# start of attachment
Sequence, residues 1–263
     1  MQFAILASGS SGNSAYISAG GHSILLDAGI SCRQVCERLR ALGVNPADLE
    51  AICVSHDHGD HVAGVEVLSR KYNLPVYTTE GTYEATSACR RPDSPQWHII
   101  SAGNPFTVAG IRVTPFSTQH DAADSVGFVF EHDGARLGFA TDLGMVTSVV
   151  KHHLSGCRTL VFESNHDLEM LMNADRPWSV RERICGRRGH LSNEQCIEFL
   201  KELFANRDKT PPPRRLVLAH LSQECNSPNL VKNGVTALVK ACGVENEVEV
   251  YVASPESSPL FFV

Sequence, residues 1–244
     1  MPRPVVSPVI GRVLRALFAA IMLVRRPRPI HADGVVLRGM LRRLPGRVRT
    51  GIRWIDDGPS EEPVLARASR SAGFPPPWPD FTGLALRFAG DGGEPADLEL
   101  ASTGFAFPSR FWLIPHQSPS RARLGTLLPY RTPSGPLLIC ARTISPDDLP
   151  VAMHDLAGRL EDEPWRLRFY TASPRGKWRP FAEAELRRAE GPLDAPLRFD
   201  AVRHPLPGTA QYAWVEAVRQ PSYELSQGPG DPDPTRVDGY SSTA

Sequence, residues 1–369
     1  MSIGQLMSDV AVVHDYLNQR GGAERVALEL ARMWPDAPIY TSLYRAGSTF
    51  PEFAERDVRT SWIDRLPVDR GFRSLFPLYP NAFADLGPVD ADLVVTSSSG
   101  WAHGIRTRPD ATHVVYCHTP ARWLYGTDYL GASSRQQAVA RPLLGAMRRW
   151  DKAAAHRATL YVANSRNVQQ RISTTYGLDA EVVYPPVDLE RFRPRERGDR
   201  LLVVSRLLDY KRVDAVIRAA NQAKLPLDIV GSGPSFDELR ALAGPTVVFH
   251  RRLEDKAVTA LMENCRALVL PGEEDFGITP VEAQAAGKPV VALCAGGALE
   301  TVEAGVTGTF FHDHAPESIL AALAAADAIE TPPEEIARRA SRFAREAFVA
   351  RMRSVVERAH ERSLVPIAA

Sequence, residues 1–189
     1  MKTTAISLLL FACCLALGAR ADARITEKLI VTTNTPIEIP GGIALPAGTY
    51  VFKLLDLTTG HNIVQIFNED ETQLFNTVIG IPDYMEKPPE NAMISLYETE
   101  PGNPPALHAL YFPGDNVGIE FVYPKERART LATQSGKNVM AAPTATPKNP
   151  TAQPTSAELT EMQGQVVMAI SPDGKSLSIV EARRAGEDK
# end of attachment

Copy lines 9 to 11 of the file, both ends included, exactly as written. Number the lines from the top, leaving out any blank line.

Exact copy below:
     1  MPRPVVSPVI GRVLRALFAA IMLVRRPRPI HADGVVLRGM LRRLPGRVRT
    51  GIRWIDDGPS EEPVLARASR SAGFPPPWPD FTGLALRFAG DGGEPADLEL
   101  ASTGFAFPSR FWLIPHQSPS RARLGTLLPY RTPSGPLLIC ARTISPDDLP